1. Download the Windows package from the Git Downloads page.
  2. Open the downloaded file Git-<VERSION>-<ARCH>-bit.exe, where <VERSION> is the latest version of Git for Windows and <ARCH> is the architecture, such as 32-bit or 64-bit.
  3. Click Next on the Information and Select Destination Location screens.
  4. Select Check daily for Git for Windows updates on the Select Components screen, then click Next.
  5. Click Next on the remaining screens to accept the default settings.
  6. Once the installation is complete, click Finish.

Create a private/public key pair on Windows

To create a private/public key pair:

  1. Open the Start menu (or Windows menu) and open Git Bash.
  2. On the Git bash command line, run:

     ssh-keygen -m PEM -t rsa -b 2048 -f <MY_KEY_PAIR_NAME>
    

    Where <MY_KEY_PAIR_NAME> should be replaced with a name for the key pair.

  3. Enter a passphrase for accessing the key.

Two files will be created in the current directory:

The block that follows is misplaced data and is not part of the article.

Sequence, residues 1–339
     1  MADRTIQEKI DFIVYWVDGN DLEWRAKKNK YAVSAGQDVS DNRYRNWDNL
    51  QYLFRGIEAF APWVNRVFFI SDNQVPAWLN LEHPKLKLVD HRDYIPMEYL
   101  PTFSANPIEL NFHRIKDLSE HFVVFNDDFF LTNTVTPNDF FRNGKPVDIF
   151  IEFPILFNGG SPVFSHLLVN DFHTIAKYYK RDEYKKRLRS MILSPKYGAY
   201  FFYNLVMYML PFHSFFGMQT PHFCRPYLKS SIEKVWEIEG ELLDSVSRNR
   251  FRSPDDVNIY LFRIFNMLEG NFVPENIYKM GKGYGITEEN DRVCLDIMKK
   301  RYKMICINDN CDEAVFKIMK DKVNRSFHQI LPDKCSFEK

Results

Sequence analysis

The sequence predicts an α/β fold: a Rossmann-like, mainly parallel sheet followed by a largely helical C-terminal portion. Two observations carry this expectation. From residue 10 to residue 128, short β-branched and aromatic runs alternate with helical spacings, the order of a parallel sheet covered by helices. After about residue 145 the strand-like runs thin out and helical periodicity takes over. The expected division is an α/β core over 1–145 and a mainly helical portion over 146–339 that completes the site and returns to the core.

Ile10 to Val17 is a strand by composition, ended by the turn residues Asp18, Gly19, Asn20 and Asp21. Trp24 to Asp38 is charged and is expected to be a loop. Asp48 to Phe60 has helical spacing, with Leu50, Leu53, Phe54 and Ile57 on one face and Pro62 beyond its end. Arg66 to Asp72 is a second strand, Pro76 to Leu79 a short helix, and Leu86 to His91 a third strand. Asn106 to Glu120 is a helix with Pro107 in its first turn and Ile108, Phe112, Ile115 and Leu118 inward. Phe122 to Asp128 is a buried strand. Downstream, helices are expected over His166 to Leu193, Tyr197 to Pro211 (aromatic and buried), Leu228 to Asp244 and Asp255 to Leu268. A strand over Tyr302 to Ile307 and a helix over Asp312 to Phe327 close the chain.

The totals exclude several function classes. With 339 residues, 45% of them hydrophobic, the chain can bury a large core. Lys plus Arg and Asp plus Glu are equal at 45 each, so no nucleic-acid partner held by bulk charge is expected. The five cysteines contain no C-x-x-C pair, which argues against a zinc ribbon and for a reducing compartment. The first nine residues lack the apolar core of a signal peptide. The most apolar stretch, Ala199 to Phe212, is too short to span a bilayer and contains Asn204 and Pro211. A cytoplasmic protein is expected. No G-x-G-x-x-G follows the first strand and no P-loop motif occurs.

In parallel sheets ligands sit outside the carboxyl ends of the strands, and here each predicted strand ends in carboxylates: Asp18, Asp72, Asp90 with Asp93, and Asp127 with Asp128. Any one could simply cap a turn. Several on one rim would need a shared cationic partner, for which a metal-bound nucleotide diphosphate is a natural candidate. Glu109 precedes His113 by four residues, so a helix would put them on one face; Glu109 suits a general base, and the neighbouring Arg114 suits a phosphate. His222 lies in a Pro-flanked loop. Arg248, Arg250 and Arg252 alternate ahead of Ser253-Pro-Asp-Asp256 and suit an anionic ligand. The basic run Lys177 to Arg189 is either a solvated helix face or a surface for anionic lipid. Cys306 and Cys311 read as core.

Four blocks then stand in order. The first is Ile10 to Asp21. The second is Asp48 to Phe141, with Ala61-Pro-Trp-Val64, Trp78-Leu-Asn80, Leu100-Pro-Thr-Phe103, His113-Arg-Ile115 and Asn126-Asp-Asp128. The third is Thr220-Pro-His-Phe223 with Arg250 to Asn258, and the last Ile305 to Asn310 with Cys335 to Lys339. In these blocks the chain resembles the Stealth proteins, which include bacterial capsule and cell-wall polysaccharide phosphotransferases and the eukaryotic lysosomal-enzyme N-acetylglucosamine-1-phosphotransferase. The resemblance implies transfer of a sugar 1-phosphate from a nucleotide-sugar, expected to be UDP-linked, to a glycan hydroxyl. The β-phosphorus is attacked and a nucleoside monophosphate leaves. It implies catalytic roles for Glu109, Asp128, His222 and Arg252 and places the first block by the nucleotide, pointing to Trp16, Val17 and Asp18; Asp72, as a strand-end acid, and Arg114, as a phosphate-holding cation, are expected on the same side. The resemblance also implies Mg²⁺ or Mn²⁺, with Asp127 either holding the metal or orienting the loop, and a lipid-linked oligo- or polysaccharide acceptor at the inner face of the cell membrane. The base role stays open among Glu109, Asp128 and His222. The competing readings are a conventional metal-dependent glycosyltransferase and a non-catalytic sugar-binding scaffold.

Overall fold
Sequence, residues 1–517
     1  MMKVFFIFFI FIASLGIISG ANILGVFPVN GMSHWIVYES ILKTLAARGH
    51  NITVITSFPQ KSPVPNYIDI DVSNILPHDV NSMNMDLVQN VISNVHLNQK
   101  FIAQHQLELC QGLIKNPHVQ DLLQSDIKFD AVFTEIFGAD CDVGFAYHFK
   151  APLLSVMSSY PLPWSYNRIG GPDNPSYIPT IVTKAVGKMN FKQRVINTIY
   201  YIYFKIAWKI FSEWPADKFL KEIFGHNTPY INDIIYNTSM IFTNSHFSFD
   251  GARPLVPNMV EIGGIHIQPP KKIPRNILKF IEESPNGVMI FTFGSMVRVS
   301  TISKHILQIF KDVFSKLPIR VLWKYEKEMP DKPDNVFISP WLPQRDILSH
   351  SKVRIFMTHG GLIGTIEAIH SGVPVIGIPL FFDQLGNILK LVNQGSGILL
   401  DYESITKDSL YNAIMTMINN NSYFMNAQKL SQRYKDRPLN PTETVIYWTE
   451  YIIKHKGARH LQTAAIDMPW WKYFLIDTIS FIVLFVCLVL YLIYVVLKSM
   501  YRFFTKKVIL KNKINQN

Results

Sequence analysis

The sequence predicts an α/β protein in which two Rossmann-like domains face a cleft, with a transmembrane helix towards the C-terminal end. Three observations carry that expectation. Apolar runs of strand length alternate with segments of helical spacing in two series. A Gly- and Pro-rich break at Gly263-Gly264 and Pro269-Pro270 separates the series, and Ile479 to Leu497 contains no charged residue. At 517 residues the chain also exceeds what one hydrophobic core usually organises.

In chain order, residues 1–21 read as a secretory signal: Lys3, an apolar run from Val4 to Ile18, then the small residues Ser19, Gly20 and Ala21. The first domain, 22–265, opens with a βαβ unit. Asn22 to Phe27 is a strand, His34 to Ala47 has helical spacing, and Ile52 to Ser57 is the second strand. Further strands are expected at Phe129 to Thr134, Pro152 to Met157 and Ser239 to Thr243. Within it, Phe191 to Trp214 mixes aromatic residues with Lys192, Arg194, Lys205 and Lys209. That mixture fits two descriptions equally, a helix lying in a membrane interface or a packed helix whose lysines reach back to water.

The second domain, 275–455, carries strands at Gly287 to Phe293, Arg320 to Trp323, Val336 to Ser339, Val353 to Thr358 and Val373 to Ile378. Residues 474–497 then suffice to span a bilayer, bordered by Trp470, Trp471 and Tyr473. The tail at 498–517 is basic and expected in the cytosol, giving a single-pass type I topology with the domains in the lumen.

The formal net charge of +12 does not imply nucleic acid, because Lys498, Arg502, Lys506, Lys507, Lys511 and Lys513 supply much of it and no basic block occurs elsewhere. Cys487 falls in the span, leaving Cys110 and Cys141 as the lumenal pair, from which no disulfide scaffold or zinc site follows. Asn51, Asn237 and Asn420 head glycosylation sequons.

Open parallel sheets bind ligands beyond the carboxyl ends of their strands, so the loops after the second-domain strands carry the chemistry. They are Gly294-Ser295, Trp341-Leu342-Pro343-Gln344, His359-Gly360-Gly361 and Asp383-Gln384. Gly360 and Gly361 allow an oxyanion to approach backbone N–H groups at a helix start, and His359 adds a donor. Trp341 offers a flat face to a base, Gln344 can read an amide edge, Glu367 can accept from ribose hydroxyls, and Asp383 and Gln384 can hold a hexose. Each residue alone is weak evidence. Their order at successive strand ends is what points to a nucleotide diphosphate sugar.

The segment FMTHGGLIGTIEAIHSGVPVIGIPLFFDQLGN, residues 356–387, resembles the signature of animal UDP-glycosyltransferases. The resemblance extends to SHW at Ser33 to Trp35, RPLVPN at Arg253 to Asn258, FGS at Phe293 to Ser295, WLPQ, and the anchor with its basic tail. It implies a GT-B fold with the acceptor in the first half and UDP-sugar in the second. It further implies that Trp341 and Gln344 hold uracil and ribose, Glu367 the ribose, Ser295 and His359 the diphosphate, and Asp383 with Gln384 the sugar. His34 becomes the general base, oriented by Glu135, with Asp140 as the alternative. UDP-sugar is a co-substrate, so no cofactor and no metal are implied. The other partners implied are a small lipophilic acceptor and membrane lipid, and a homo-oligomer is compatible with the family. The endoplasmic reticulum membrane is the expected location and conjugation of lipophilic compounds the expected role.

• <MY_KEY_PAIR_NAME> - The private key.
  • <MY_KEY_PAIR_NAME>.pub - The public key.

Retrieve the public key on Windows

To retrieve the public key, on a Git bash command line, run:

openssl rsa -in <MY_KEY_PAIR_NAME> -outform DER -pubout | base64 -w0

The public key for the <MY_KEY_PAIR_NAME> key pair will be printed on the command line with base64 encoding.

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Except as otherwise noted, the content of this page is licensed under the Creative Commons BY-NC-SA 3.0 License, and code samples are licensed under the Apache 2.0 License.